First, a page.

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The disease caused by the novel coronavirus has killed at least people in the United States since February. Numbers of cases are increasing in most states and soaring in some.
Places with highest daily reported cases per capita
Weekly trend of daily new reported cases per 100,000 residents
The overall daily death toll had declined from April through early July, largely because of a sharp decrease in New York and New Jersey. But by July 10, after all states had begun reopening, death numbers had begun to tick up again for the first time since March.
Health officials anticipated the rise because the virus had been accelerating through populous states such as Texas, Florida and California for weeks. Localities reported not only a surge in new cases but also large increases in hospitalizations, crowded ICUs, and a jump in the percentage of positive tests.
The United States topped 50,000 new cases in one day for the first time on July 1, two days after the country’s top infectious disease expert, Anthony S. Fauci, warned that the country could begin to see 100,000 new cases a day “if this does not turn around.”
New reported cases per day
At least have been reported since Feb. 29.
Note: The spike in deaths on June 25 is due to New Jersey authorities adding more than 1,800 probable deaths to the state's totals.
Criteria for reporting deaths continues to change in some states and cities, and numbers in this story may fluctuate as jurisdictions adjust their counting and reporting procedures. For instance, in mid-April, New York City added more than 3,700 deaths of people who were presumed to have the coronavirus but were never tested, and New Jersey added more than 1,800 on June 25.
Reported cases per 100,000 residents by county since last week
The virus continues to kill in New York, where at least cases have been reported and at least have died. But the pace has slowed considerably from the peak weeks in spring when more than 1,000 died on some days. On July 12, New York City went 24 hours without a covid-19 death for the first time since March.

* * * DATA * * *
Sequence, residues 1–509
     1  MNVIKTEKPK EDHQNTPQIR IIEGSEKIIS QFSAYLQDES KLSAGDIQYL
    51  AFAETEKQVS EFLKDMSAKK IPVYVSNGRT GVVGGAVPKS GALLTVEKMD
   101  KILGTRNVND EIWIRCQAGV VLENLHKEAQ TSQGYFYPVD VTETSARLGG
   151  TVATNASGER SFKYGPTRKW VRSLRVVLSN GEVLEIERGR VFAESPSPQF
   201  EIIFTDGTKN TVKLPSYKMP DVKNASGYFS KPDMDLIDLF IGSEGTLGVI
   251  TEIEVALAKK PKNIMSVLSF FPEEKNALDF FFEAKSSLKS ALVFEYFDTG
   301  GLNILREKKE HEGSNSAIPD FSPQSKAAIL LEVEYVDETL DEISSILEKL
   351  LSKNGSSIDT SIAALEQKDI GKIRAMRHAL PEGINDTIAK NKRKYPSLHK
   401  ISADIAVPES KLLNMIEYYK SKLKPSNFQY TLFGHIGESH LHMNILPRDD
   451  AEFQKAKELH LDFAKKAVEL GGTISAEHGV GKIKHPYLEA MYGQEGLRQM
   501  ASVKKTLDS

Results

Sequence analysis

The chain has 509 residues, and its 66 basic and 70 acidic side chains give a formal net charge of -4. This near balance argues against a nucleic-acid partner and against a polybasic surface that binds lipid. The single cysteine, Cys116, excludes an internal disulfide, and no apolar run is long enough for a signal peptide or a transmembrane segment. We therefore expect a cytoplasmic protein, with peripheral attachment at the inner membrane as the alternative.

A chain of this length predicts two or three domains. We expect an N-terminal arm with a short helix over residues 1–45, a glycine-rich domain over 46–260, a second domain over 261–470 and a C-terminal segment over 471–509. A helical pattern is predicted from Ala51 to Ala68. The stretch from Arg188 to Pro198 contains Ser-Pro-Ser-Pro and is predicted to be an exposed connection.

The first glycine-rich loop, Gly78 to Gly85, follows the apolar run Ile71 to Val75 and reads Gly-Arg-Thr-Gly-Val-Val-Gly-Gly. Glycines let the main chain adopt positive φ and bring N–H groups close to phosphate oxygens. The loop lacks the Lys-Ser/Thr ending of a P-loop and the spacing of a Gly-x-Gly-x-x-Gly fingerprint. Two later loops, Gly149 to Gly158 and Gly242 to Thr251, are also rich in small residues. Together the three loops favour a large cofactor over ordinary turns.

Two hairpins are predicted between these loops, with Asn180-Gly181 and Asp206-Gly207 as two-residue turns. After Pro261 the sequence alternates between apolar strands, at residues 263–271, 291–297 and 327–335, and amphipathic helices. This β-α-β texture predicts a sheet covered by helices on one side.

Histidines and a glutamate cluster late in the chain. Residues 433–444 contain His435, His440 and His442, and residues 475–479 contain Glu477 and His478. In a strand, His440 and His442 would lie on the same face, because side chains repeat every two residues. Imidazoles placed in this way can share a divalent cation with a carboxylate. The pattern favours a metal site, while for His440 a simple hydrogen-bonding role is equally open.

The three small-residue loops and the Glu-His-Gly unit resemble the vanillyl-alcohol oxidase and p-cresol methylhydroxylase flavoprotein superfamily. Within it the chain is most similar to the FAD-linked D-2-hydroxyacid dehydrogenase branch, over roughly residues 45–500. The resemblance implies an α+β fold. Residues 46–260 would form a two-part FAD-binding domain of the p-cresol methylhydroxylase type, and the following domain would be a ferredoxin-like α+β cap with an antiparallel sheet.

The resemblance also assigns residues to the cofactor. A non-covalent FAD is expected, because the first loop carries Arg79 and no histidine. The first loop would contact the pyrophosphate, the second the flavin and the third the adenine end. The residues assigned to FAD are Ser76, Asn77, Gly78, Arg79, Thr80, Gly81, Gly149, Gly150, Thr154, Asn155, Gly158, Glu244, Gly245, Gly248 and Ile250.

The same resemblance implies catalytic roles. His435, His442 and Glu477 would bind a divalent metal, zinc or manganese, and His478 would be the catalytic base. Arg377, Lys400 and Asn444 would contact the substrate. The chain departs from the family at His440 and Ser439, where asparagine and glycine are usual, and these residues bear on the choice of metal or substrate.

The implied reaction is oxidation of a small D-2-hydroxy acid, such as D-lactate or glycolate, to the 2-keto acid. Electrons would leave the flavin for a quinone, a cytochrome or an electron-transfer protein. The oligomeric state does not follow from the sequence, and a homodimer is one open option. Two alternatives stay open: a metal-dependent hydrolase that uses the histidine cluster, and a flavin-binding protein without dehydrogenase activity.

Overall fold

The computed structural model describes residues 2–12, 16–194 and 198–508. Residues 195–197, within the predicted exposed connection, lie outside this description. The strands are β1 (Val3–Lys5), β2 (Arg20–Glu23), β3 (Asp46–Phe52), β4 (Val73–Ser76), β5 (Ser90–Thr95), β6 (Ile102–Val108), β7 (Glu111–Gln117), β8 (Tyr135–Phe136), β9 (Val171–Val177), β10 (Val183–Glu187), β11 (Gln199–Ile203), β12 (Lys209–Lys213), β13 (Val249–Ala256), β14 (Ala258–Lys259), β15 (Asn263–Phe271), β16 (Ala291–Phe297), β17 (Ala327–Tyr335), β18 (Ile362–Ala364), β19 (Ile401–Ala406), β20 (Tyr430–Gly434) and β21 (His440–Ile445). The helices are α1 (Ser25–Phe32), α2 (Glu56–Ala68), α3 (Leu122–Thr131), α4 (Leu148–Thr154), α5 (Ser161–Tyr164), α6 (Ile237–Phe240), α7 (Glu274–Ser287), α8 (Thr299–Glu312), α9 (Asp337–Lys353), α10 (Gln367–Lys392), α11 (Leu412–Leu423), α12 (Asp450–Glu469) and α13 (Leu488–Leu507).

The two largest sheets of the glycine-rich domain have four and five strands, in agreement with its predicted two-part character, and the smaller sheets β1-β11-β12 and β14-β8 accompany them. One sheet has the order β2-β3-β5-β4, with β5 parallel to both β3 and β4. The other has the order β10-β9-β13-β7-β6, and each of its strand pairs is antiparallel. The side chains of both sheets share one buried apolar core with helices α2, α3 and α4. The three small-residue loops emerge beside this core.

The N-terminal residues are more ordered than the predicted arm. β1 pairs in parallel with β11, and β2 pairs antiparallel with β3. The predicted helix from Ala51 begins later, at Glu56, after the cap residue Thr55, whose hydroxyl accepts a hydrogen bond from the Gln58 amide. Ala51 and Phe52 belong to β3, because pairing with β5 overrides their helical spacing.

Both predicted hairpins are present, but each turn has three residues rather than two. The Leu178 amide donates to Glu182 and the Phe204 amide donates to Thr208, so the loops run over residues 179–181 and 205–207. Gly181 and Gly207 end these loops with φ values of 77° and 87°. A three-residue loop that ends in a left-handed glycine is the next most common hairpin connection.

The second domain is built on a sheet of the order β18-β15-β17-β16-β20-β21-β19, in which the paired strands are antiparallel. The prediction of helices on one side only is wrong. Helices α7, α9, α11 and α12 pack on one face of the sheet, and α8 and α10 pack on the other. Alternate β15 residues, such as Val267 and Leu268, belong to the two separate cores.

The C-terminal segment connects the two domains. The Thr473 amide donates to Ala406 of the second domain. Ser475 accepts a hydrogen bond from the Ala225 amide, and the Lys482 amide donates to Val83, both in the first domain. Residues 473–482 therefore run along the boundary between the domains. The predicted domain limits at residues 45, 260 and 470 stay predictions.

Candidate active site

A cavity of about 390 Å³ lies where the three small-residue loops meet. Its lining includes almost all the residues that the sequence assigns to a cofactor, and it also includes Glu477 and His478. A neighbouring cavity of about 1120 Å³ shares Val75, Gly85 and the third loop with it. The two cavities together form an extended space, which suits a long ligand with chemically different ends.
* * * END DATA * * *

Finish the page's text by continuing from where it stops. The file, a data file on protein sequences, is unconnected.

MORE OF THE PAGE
The new epicenters are in the Sun Belt, particularly south Florida. Alarmed by the astounding increases and stresses on their healthcare systems, governors in several states have begun to pause reopening plans and in some cases, reimpose restrictions, such as closing bars and restaurants.
In the absence of a federal plan to control the virus, some health officials, governors, mayors and corporations have championed the need for wearing masks in hopes of squelching rampant transmission. By mid-July, masks were required not just in hard-hit urban areas but in states such as Oregon and Alabama and in national retail chain Walmart.
Case and death counts by place
|Place||Total reported cases per 100k||New cases in last 7 days per 100k||Pct. change|
Most deaths continue to be among people older than 65 and those with underlying health problems. By late June, however, the virus was coursing through a younger population. On June 20, Gov. Ron DeSantis (R) said the median age of a Floridian with covid-19 was down to 37.
Researchers have also linked the disease to a mysterious and deadly inflammatory syndrome in hundreds of U.S. children, an indication that much is still unknown about the virus and the way it affects different people.
Sparsely populated areas don’t have the huge raw numbers of cases or deaths that cities are reporting, but some rank among the highest in deaths and cases per capita. People in very rural areas are more likely to die of flu than urbanites and may be more vulnerable to covid-19 as well, according to a Post analysis of CDC data.
Ten counties with highest rates of reported cases
|County||Total reported cases per 100k||New cases in last 7 days per 100k||Pct. change|